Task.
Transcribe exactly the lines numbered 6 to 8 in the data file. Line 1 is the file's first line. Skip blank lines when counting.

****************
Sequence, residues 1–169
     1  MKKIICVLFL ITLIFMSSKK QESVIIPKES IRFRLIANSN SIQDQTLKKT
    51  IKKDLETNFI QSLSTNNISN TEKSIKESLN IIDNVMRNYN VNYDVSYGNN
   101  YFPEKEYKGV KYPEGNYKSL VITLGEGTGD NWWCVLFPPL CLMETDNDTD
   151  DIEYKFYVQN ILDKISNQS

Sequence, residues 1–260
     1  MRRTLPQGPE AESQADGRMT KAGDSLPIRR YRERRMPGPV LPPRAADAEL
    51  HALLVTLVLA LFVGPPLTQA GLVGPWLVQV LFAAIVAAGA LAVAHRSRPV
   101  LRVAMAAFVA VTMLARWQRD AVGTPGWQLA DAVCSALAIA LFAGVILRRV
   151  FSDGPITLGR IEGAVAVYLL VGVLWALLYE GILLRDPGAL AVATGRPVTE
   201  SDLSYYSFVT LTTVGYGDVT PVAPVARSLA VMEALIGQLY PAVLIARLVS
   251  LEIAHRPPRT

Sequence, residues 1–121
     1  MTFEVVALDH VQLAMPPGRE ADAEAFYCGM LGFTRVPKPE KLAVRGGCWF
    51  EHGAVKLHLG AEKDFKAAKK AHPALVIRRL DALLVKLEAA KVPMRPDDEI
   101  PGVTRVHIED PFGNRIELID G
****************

Sequence, residues 1–260
     1  MRRTLPQGPE AESQADGRMT KAGDSLPIRR YRERRMPGPV LPPRAADAEL
    51  HALLVTLVLA LFVGPPLTQA GLVGPWLVQV LFAAIVAAGA LAVAHRSRPV